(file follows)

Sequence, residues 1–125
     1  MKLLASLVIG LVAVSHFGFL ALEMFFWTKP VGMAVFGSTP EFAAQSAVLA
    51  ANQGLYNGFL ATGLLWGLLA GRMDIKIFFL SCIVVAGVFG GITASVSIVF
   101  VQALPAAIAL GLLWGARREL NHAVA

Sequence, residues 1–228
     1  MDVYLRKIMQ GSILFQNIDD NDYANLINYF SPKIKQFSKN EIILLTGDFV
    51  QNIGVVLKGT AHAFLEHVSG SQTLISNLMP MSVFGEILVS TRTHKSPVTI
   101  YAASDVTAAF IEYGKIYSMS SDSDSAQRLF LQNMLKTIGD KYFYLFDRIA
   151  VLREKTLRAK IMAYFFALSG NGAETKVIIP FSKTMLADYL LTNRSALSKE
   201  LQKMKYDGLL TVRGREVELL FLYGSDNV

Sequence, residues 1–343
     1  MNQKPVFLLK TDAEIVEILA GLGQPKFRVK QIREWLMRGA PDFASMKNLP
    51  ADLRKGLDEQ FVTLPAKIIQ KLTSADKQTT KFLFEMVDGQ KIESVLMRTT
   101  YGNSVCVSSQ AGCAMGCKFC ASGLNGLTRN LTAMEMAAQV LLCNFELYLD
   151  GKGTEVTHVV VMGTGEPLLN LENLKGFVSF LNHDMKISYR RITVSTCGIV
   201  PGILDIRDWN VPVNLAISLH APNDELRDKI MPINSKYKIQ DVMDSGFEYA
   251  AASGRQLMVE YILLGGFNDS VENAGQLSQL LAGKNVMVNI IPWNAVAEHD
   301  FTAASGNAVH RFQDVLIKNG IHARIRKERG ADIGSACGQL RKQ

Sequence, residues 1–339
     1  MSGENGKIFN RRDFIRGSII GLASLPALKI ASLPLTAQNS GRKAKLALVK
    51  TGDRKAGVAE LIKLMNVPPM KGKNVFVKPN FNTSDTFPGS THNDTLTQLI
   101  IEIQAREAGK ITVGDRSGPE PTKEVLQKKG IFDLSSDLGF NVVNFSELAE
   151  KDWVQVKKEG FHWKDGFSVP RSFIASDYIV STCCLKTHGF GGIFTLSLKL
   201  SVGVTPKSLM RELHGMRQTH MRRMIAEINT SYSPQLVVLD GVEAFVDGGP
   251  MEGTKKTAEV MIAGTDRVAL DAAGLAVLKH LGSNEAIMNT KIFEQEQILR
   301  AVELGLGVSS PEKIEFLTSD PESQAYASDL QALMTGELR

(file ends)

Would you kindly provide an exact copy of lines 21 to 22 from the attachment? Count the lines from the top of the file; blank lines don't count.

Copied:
    51  TGDRKAGVAE LIKLMNVPPM KGKNVFVKPN FNTSDTFPGS THNDTLTQLI
   101  IEIQAREAGK ITVGDRSGPE PTKEVLQKKG IFDLSSDLGF NVVNFSELAE